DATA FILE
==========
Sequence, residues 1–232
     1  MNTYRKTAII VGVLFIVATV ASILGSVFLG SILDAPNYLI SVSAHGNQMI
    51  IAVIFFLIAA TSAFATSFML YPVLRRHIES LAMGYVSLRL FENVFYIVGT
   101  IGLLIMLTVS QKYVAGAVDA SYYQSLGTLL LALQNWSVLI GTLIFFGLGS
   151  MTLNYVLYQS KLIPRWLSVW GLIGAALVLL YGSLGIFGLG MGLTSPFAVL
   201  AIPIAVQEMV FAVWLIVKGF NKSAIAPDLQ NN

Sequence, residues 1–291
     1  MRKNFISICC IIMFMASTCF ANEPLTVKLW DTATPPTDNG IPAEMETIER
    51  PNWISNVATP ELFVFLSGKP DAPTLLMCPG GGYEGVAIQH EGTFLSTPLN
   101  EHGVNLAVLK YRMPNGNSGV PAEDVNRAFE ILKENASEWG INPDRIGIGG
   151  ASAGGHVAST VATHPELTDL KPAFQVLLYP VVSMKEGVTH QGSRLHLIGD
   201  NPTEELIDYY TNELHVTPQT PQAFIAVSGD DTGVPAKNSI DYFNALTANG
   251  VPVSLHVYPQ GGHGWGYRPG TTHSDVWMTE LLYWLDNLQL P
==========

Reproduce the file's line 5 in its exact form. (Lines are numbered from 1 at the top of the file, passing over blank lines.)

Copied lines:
   151  MTLNYVLYQS KLIPRWLSVW GLIGAALVLL YGSLGIFGLG MGLTSPFAVL